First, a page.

5 tn The form is the Qal infinitive construct from עָבַד (’avad, “to serve, to work”); it is taken here as a verbal noun and means “by (or in) serving” (see R. J. Williams, Hebrew Syntax, 36, §195). This explains the verb “keep [his charge].” Here too the form is followed by a cognate accusative; they will be there to “serve the service” or “work the work.”

6 tn The construction uses the infinitive construct (epexegetically) followed by its cognate accusative. It would convey “to serve the service of the tabernacle,” but more simply it may be rendered as “serving.” Their spiritual and practical service is to serve.

sn The Levites had the duty of taking care of all the tabernacle and its furnishings, especially in times when it was to be moved. But they were also appointed to be gate-keepers (2 Kgs 22:4; 1 Chr 9:19) in order to safeguard the purity of the place and the activities that went on there. Their offices seem to have then become hereditary in time (1 Sam 1:3); they even took on more priestly functions, such as pronouncing the benediction (Deut 10:8). See further R. de Vaux, Ancient Israel, 348-49.

7 tn The verb וְנָתַתָּה (vÿnatattah) is normally “give.” Here, though, the context refers to the assignment of the Levites to the priests for their duties. The form is the perfect tense with vav (ו) consecutive, continuing the sequence for the imperfect of instruction.

8 tn This emphasis is derived from the simple repetition of the passive participle, נְתוּנִם נְתוּנִם (nÿtunim nÿtunim). See GKC 396 §123.e. The forms serve as the predicate with the subject pronoun.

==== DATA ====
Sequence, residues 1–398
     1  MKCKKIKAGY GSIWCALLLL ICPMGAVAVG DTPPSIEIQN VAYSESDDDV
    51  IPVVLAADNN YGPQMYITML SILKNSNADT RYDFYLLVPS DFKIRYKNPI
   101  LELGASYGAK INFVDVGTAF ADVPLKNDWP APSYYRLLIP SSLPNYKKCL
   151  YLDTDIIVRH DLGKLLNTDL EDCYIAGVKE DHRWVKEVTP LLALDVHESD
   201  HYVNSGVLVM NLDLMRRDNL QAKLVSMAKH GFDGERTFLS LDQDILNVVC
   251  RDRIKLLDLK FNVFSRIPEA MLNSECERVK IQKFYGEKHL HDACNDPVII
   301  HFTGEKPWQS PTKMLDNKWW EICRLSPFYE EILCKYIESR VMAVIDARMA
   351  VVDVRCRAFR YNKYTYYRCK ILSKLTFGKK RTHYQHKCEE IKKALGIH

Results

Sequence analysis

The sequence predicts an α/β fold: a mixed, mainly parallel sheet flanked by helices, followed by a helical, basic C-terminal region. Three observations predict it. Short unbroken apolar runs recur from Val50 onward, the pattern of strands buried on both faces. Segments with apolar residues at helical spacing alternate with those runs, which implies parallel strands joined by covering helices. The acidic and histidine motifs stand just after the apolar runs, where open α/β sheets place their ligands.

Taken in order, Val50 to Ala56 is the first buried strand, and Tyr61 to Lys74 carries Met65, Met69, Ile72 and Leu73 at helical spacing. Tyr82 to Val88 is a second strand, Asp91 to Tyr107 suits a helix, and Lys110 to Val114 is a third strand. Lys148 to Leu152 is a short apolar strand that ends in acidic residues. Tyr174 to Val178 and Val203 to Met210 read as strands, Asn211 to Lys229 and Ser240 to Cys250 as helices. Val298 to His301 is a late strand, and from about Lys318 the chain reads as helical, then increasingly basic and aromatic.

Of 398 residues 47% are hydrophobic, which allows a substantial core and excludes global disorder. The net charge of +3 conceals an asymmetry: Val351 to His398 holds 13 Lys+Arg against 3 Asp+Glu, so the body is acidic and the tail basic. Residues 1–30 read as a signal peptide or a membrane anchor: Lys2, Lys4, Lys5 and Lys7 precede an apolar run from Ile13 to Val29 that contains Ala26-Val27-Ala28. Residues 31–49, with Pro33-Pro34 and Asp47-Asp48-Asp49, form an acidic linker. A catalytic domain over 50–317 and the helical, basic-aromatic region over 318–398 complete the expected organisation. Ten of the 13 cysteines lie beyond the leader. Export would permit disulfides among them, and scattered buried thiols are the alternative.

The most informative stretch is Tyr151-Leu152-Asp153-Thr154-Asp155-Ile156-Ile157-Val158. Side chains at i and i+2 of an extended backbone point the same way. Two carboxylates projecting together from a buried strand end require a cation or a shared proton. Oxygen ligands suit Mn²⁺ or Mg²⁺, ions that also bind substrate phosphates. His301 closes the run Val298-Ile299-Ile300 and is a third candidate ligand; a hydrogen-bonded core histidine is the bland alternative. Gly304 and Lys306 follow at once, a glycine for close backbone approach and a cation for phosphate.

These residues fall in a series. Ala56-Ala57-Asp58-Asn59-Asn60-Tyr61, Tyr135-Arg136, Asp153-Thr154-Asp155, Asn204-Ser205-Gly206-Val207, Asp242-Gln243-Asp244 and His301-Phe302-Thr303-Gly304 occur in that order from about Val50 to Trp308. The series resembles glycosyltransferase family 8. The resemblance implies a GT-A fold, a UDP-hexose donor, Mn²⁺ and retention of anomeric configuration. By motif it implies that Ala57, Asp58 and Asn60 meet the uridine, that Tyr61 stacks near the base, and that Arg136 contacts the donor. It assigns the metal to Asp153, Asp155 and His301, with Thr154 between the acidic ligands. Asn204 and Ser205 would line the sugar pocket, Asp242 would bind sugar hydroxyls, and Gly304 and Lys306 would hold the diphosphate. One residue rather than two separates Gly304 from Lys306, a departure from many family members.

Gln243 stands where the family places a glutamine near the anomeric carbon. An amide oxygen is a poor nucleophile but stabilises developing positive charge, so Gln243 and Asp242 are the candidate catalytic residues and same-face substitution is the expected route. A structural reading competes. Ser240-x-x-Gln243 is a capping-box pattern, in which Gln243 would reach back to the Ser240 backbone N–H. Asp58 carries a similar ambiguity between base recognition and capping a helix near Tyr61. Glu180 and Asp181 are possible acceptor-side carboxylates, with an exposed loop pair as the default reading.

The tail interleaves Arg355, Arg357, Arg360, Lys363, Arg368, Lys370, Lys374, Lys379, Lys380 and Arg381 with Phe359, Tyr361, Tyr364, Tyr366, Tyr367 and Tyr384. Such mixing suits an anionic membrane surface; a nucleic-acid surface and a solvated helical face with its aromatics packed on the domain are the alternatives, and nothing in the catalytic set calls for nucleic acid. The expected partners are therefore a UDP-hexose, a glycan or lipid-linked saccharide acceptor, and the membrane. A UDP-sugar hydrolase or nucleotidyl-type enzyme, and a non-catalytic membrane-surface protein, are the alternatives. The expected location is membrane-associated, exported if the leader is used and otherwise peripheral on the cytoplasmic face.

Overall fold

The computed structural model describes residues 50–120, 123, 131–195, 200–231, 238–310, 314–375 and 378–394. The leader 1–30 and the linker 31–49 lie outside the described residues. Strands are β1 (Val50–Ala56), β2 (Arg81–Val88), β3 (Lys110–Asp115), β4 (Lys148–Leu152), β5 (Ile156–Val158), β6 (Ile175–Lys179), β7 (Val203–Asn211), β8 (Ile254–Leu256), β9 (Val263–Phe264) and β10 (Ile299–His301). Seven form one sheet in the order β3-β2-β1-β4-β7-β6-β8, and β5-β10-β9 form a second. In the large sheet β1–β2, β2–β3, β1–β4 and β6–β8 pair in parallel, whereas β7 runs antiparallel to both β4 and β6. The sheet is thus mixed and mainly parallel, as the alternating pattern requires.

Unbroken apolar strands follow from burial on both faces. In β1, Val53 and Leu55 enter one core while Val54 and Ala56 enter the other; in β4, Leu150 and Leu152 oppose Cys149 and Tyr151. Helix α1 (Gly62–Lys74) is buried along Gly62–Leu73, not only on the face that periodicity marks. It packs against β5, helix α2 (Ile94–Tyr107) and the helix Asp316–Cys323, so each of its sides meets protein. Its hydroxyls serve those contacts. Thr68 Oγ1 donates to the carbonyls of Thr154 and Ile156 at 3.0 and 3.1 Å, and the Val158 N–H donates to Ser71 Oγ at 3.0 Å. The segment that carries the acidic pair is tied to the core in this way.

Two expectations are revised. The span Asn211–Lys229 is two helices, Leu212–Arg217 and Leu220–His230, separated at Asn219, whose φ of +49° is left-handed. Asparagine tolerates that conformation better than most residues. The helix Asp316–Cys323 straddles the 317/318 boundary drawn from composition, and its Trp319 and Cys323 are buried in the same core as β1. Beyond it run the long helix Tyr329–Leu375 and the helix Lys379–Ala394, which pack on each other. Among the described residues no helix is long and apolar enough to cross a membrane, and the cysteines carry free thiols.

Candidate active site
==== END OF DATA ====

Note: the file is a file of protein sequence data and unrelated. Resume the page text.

9 tn The Hebrew text simply has the preposition, “from the Israelites.”

10 tc The LXX includes the following words here: “and all things pertaining to the altar and within the veil.” Cf. Num 18:7.

11 tn The word is זָר (zar), usually rendered “stranger, foreigner, pagan.” But in this context it simply refers to anyone who is not a Levite or a priest, an unauthorized person or intruder in the tabernacle. That person would be put to death.

12 tn The particle הִנֵּה (hinneh) here carries its deictic force, calling attention to the fact that is being declared. It is underscoring the fact that the Lord himself chose Levi.

13 tn Literally “in the place of.”

14 tn The form הַכֹּתִי (hakkoti) is the Hiphil infinitive construct of the verb נָכָה (nakhah, “to strike, smite, attack”). Here, after the idiomatic “in the day of,” the form functions in an adverbial clause of time – “when I destroyed.”

15 sn In the Exodus event of the Passover night the principle of substitution was presented. The firstborn child was redeemed by the blood of the Lamb and so belonged to God, but then God chose the Levites to serve in the place of the firstborn. The ritual of consecrating the firstborn son to the Lord was nevertheless carried out, even with Jesus, the firstborn son of Mary (Luke 2:22-23).

16 tn Heb “the house of their fathers.” So also in v. 20.

17 tn Heb “you are to/shall number them.”

18 tn Heb “at the mouth of the Lord.”

19 tn The Pual perfect may be given the past perfect translation in this sentence because the act of commanding preceded the act of numbering.